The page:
Veteran History

by Pete B. Asch

I will compare three sites here:

The Rutgers Oral History Archives, established to record the personal experiences of the men and women who served on the homefront and overseas. The goals of the project are multifaceted and include:1

  • Conducting interviews of individuals beginning with Rutgers College alumni and Douglass College alumnae.
  • Preserving the original interview tapes and edited transcripts in Rutgers Special Collection and University Archives at Alexander Library in New Brunswick.
  • Encouraging individuals from the World War II era to make their personal papers and memorabilia available to scholars and the public.
  • Disseminating the oral memoirs and other materials collected by the project to both the academic community and the general public.
  • Involve students in the interviewing process, and the use of the material as well as fostering intergenerational bonds between them and the World War II generation.
  • Offering other academic institutions a model project that demonstrates how alumni can be encouraged to take a greater part in the life of a university on all levels.
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The United States Marine Corps History Division, a site created by the History Division of the Marine Corps, who are responsible for the collection and dissemination of the official history of the corp. The division is divided into four branches:

  • Historical Branch, the publishing arm of the division and also runs the Oral History Program.
  • Historical Reference Branch, the research and reference service of the division and overseas a number of programs inclusing: Unit Lineage and Honors, Commemorative Naming, Marine Corps Flag Manual, and Marine Corps Chronology.
  • Field History Branch, detachment of historians responsible for collecting "historically relevant material" from deployed units.
  • Editing and Design Branch, the document editing branch of division.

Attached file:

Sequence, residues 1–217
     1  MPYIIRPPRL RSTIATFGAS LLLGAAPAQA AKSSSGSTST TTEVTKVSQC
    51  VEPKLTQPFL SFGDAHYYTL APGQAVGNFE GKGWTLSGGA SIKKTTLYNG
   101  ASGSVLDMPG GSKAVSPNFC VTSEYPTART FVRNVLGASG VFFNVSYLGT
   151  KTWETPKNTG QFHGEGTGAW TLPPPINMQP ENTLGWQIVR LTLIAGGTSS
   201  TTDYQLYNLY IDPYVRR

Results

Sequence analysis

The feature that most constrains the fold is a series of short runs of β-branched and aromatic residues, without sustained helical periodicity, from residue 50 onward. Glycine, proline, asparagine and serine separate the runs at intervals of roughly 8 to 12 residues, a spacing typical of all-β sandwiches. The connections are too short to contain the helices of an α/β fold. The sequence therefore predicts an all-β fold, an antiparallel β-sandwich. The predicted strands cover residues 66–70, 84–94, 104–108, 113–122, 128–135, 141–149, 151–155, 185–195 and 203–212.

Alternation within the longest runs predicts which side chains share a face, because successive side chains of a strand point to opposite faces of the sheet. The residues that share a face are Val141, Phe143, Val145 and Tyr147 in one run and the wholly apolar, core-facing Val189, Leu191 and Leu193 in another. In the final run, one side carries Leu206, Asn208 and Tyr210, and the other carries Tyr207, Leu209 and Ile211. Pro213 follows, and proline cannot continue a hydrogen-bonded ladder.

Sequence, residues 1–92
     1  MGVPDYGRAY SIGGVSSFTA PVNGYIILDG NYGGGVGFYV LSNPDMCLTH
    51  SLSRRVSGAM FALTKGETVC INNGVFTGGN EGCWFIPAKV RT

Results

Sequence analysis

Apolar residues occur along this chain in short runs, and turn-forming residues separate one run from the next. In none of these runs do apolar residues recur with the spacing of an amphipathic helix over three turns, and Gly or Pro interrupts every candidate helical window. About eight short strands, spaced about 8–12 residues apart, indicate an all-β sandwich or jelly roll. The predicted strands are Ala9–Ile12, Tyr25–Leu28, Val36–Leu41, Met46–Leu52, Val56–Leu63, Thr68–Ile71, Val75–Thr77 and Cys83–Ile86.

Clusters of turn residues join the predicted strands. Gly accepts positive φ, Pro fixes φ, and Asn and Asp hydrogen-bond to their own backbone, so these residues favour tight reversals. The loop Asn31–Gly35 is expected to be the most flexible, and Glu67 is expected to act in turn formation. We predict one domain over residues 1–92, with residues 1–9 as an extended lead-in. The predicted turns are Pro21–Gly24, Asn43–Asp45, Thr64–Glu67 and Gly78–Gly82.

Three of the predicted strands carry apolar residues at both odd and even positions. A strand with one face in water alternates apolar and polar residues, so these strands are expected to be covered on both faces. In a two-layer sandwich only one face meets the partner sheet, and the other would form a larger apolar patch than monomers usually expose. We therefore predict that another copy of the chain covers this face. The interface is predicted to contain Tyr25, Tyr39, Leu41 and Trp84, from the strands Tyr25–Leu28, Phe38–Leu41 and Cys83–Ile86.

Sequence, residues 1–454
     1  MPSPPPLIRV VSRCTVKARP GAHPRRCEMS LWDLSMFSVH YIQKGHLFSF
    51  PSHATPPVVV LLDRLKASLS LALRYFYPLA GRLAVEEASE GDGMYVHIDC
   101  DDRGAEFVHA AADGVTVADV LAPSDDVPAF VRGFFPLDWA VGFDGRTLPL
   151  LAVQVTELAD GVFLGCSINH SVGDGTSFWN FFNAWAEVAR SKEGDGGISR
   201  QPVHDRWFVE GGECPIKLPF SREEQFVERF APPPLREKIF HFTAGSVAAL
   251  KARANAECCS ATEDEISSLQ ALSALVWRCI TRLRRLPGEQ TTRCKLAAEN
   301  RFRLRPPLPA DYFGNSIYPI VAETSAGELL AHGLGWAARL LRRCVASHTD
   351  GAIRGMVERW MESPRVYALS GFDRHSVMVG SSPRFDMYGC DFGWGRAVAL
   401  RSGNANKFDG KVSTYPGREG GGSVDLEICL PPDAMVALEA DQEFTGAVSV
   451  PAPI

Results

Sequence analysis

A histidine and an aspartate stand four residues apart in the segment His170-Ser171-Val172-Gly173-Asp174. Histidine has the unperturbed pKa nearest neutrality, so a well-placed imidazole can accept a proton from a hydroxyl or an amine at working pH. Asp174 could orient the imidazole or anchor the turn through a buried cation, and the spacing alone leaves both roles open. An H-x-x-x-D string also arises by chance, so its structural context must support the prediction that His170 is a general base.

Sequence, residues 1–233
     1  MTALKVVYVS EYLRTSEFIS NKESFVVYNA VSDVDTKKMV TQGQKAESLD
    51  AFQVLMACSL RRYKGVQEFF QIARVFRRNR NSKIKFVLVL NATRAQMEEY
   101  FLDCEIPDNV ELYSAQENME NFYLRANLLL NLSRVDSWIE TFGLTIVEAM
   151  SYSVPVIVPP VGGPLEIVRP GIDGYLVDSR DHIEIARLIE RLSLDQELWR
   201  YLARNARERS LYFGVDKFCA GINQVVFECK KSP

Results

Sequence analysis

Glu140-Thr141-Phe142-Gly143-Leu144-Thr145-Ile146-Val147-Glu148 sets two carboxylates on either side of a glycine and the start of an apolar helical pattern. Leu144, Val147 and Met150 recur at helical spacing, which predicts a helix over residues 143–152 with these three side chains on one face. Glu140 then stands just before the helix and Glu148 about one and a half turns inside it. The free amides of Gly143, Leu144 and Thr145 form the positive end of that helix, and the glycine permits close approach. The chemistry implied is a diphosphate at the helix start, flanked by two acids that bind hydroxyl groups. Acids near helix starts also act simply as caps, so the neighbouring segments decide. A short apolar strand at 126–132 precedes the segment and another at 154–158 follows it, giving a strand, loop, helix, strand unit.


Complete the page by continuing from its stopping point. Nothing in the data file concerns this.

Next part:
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The 447th Bomb Group Association, official website of association is maintained by the children of World War II veterans of the the unit. []

The Rutgers Oral History Archives

Formerly , the Rutgers Oral History Archives of World War II, was founded to preserve the WWII and homefront experiences of Rutgers Alumni in response to the increasing threat of losing these valuable stories. On the fiftieth anniversary of end of the war, the Rutgers College Class of 1942 donated $100,000 to begin the project. Since its inception the focus of the project has expanded to include veterans of all American conflicts, men and women who impacted Rutgers University, and/or New Jersey. Each interviewee is requested to fill out a pre-interview survey that allows the oral historians to conduct the necessary research to formulate questions and fact check the interview’s voracity. The interview is recorded, initially on cassette tape and more recently digitally saved on cds and exterior hardrives, is recorded and transcribed by a professional transcriber. The transcript is reviewed against the recording by the project staff before being sent to the interviewee for any corrections or clarifications. Once the corrected transcript has been edited, the interview is placed in the Rutgers Special Collections and University Archives and posted on the website. * []

The website, that claims to be, one of the first oral history programs on the World Wide Web, features approximately 400 transcripts. The online resource represents just over half the completed interviews. The goal of the ROHA site is to disseminate its holdings across the Internet that serves as a two-way portal between the project staff and researchers, students of all ages, potential interviewees, and the general public. The site is to serve as a resource while attracting potential interviewees, donors, and continued interest in the goals of the larger organization.